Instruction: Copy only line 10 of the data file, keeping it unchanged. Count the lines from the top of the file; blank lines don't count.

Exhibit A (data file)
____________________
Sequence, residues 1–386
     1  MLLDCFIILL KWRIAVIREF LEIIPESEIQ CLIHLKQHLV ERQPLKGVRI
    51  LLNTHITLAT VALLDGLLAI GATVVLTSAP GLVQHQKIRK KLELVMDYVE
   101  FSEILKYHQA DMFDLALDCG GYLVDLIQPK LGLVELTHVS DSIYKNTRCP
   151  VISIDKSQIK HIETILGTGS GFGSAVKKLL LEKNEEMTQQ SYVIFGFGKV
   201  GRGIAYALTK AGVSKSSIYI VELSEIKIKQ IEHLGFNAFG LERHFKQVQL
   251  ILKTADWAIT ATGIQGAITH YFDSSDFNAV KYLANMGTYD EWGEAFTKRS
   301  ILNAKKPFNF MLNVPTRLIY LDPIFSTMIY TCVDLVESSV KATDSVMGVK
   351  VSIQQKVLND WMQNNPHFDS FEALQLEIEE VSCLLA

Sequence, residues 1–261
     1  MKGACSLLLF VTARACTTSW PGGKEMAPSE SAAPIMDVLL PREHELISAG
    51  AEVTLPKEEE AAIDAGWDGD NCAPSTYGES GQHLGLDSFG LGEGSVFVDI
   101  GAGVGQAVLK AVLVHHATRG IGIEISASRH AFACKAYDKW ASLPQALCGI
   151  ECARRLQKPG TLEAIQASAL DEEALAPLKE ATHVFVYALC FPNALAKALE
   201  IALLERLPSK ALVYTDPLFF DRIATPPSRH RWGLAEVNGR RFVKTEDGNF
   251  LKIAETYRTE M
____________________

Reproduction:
Sequence, residues 1–261